Why now is the perfect time to visit a resurgent Tunis

Tourists are flocking back to the North African city after being encouraged by low prices and diverse attractions

City of Tunis. Getty Images
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Why Tunis

Standing on the grand Place de l'Independance, where crowds sit outside cafes and boutiques are buzzing, it looks like Tunis has finally returned as one of the most intriguing city destinations in North Africa. This was where the touchpaper was lit, igniting the Arab uprisings in 2011. The country has peacefully maintained democracy since, but cruelly suffered from the effects of terror attacks in 2015 that devastated its travel industry. Now, the tourists are coming back, encouraged by low prices and diverse attractions, ranging from Unesco World Heritage Sites, beach resorts, world-standard museums, gourmet but affordable cuisine and, above all, a friendly welcome from the locals, who seem delighted and proud to see visitors in their city again.

A comfortable bed

The hidden mansions of the ancient Medina quarter are slowly being transformed into chic B&Bs and boutique hotels similar to Marrakech's riads. A top spot is newcomer Dar El Jeld, which is housed in a ­traditional Ottoman palace, with large suites, a tempting spa and hammam. Its eponymous restaurant, right opposite, also happens to be the top address for gastronomic Tunisian cuisine.

A similar 18th-century villa in Sidi Bou Said, Dar Said, has also become a small boutique bolthole. And for travellers looking for reassuring ­international-standard luxury, the stunning Four Seasons Tunis opened its palatial doors last year, right by the waters of the Mediterranean in the resort-style Tourist Zone, 20 kilometres from the city centre.

Find your feet

The Unesco World Heritage Medina and souks are a delight to discover, safe and free of the interminable tourist hassle that plagues many north African bazaars. At the heart is Al Zaytuna, reputedly the oldest mosque in the Maghreb and home to one of Islam's most important universities. The Medina and French colonial quarter can all be explored on foot, but this is a city where attractions are spread out as far as the coast, so local taxis are crucial for getting around.

KAIROUAN, TUNISIA - January 22, 2002: two unknown person in the narrow streets with the old house in Medinah, Kairouan, Tunisia. Getty Images

First stop should be the Bardo National Museum, renowned for its unprecedented collection of Roman mosaics, followed by the evocative ruins of the Roman city of Carthage. Finish with a sunset stroll through the picturesque blue and white houses, cafes and boutiques of Sidi Bou Said, a romantic artist’s village.

Meet the locals

It feels as though all of Tunis stops off for people-watching on the sunny terraces of legendary locales like Cafe de Paris and Cafe La Rotonde on Avenue Habib Bourguiba, the city's Champs Elysees, built in grand Parisian style by the French colonial rulers in what they termed La Nouvelle Ville. For a slice of local life, brave the teeming crowds in the recently restored Art Nouveau Marche Central, a foodie paradise where everyone does their shopping. And then head to the Medina's souks for mint tea, sticky patisseries and a shisha at one of the scores of bars, like the cool Cafe Dribat just behind the Kasbah.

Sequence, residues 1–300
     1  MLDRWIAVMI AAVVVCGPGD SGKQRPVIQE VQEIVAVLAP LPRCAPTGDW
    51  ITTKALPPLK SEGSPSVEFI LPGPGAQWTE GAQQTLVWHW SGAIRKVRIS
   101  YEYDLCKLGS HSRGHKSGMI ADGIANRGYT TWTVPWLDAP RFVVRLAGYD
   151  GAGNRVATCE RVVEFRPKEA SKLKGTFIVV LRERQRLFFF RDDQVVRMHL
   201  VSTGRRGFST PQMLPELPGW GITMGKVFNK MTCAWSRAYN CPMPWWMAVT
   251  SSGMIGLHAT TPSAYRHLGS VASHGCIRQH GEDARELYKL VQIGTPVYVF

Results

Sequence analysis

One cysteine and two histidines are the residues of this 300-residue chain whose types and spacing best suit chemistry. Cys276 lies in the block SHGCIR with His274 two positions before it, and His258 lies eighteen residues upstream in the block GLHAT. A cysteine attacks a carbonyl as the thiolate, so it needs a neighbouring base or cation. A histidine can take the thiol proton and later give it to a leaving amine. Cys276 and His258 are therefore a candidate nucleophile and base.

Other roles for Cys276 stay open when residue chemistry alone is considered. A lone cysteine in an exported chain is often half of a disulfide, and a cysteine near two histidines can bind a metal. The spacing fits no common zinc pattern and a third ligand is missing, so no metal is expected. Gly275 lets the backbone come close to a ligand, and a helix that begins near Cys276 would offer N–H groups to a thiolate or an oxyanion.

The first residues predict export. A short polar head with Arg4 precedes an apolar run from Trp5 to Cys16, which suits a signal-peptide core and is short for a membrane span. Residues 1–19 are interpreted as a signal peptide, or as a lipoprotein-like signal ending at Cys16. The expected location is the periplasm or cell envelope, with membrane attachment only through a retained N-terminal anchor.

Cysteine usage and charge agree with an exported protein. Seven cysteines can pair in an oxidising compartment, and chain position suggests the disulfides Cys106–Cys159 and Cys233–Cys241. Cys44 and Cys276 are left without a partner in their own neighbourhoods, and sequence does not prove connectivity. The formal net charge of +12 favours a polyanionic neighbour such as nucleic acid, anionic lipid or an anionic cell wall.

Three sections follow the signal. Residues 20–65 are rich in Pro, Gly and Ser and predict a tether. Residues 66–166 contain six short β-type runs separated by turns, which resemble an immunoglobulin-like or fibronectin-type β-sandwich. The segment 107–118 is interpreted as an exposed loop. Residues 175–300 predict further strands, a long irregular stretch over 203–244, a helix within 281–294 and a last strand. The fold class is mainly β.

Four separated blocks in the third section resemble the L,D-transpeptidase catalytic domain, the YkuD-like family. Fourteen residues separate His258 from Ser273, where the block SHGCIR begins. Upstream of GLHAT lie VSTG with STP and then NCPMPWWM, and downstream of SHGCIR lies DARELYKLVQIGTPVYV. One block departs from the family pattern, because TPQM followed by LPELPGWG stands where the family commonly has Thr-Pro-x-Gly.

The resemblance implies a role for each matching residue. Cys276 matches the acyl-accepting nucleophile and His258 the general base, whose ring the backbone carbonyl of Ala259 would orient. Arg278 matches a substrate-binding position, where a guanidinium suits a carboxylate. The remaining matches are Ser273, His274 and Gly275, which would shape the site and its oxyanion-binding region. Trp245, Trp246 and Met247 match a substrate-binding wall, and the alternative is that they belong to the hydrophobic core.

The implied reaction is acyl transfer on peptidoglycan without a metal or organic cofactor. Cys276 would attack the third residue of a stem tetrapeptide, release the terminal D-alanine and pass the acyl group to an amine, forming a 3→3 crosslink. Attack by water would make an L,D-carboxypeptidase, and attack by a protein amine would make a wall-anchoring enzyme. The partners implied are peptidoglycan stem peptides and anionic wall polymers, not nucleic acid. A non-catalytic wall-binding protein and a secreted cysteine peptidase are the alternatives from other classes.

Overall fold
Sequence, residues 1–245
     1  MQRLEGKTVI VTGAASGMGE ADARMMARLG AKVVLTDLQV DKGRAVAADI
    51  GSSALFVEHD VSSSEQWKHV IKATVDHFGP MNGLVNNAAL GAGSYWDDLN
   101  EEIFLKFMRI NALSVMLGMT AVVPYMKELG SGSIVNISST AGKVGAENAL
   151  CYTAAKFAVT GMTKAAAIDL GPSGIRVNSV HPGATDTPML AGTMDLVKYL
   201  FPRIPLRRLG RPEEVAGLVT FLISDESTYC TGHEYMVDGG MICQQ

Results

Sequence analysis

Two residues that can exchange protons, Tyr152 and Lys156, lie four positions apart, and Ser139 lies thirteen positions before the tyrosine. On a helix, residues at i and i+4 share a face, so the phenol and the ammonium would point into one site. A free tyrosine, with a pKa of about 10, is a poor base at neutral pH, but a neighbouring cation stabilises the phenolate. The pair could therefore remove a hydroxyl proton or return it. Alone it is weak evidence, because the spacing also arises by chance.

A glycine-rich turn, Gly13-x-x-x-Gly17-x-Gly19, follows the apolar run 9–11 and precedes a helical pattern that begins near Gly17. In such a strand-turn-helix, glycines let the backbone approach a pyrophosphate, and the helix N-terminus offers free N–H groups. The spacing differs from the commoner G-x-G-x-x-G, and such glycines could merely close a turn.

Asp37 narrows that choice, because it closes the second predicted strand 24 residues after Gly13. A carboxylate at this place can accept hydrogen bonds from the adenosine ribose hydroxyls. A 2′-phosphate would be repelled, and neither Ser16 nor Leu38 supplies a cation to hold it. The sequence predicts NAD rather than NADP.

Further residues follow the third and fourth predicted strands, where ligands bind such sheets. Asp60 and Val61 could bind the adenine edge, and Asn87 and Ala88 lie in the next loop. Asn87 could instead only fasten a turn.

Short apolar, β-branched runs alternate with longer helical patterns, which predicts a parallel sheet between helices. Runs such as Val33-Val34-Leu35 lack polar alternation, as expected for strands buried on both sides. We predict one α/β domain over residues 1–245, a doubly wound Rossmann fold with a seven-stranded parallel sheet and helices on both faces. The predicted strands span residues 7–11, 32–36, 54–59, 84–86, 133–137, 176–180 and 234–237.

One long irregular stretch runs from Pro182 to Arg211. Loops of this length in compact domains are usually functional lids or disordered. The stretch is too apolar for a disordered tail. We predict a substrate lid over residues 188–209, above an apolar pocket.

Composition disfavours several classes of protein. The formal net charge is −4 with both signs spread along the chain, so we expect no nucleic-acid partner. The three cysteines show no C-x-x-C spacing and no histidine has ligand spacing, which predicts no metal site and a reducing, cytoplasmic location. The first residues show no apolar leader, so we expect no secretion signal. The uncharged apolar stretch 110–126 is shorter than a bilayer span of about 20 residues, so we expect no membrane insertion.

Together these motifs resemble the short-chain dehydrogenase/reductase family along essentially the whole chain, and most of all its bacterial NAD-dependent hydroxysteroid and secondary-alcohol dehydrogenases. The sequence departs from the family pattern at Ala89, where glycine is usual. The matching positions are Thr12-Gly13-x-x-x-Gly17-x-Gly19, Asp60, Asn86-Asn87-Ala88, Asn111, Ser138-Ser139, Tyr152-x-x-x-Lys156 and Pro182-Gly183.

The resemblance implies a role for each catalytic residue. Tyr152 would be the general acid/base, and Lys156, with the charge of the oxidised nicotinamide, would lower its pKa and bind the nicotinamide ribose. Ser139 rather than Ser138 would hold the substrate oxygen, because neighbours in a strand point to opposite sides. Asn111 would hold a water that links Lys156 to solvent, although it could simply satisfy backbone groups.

Book a table

In the heart of the Medina, push open the door of ­Fondouk El Attarine and enter the vast open hall of a 17th-century caravanserai, once home to the souk's perfume merchants, now a lunchtime institution. It's perfect for ­discovering surprising Tunisian cuisine: a crisp brick stuffed with egg and tuna or sea bass "­kabkabou", ­roasted with ­tomatoes, capers, olives, ­saffron and lethal home-pounded harissa. Prefer a gourmet ­Parisian-style restaurant? Reserve a spot at L'­Astragale in La Nouvelle Ville and feast on a juicy ­Chateaubriand or confit de canard.

A foodie institution in Sidi Bou Said, Au Bon Vieux Temps is the obligatory celebrity address for its to-die-for views, and local specialities like stuffed squid or fish couscous. For a complete change of scene, head to La Marsa’s sandy beach, where the ­fashionable Le Golfe is more Saint Tropez than Tunis, with classic French and Italian cuisine, including its signature Linguine alla Bottarga.

Shoppers’ paradise

The souks of Medina have high-quality handicrafts for every taste: "balgha" leather slippers, carpets, colourful ceramics and pungent spices. Don't miss the gold ­jewellery in Souk El Berka (formerly the site of the old slave market), while Hamdi ­Mondher's Le Parfumeur offers traditional essential oils distilled from jasmine, geranium and bitter orange, as well as copies of popular fragrances, such as Chanel N°5. The ­boutique is opposite the ancient Al Slimina Madrasa, which hosts art exhibitions. For a serious dose of modern retail therapy, grab a taxi to the chic Berges du Lac neighbourhood, where two modern malls, Square 5 and Tunisia Mall, stock major international fashion brands. Art lovers will find galleries hidden down the side streets of Sidi Bou Said, with Galerie A Gorgi displaying works by local contemporary painters.

Handmade Ceramic Plates on Display. Getty Images

What to avoid

Don’t take a guide in the souks. Find your own bargains rather than being led to ­boutiques where the guide picks up his commission.

What not to miss

The Palais d’Orient is an 18th-century Ottoman palace filled with artisan crafts. On its spectacular ceramic-­covered rooftop, discover the perfect Tunis panorama.